13. After enough electrical disasters (sawzall vs. 220 line on the far side of the joist, small electrical fire after 220 wire of new dryer- fire department not involved) to make most sensible people actually pay a qualified person to do the work you would think I would know better, and yet… I bought a new 10 CF electric kiln and put in an 80 amp breaker for the 220V service, and bought some copper cable the size of a baby’s arm to hard wire the kiln to the junction box. Now I know the conventions for electrical wiring i.e. green = ground, and the large green cable in the guts of the
  14. Wow, that is a very cool set up. I think instead of re-building this kiln this summer perhaps I will build some power burners. I do have a couple of questions: are you running natural gas or propane, if propane are you on 11in WC or high pressure. How did you determine the CuFt/minute for the blower to orifice match? Do you have an orifice chart? To do this my current build the high pressure pilots and Baso's were by far the most expensive part, but safety first. So I would need to base any power burner on the high pressure propane source if I want to include the pilots and Basos. I do have
  15. I asked Marc Ward about this when I was planning my Raku kiln and he felt positioning the burner in the middle aimed straight in was fine, as the high pressure burner generates alot of turbulance on its own. I was going to try to point it along a tangent to the kiln interior to swirl and mix it up inside but it would have been difficult to get it aimed that way, and the flame tends to hug the wall it is aimed along anyway. Straight in has worked great for me and if there are any "cool spots" in my kiln I have not been able to find them. My octagonal shelf sits on three 8 inch posts which puts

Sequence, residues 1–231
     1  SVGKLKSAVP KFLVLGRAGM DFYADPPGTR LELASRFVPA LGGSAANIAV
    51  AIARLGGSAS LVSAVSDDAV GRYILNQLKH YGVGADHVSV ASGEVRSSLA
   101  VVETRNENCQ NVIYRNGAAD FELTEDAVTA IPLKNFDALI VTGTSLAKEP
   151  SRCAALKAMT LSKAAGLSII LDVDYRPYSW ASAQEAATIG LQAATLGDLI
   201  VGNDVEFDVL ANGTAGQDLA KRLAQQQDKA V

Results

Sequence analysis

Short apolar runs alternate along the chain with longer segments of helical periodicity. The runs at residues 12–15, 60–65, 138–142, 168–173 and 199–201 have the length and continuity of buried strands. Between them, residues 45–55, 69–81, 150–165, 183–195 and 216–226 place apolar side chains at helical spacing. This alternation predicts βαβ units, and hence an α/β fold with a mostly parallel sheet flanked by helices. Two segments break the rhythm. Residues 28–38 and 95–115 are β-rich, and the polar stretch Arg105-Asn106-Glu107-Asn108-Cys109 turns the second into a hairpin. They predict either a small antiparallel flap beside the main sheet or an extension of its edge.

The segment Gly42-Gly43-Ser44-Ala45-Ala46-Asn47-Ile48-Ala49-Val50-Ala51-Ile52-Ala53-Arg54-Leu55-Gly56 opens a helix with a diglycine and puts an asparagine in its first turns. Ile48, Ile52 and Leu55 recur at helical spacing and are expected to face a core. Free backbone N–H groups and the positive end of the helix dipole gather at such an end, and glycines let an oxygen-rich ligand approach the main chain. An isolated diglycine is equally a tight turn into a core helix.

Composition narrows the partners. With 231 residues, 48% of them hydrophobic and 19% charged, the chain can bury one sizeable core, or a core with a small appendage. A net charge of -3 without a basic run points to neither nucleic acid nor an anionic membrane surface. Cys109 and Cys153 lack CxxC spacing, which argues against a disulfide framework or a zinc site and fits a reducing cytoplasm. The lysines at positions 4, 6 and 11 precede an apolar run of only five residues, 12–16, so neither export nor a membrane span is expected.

16. Thanks to all that replied to my post. I found the suggestions most helpful. I found the round foam pads I purchased a couple of years ago specifically for the purpose of trimming large platters and started to use them again as well as using a thin plastic recycling bag with the center cut out to the size of one of my 12inch bats to keep the rims from drying. I threw another 8 platters from 9 to 10 pounds resulting in around a 16 inch platter and not one has cracked. I really think that in addition to keeping the drying even, trimming the foot ring with the center of the platter well supp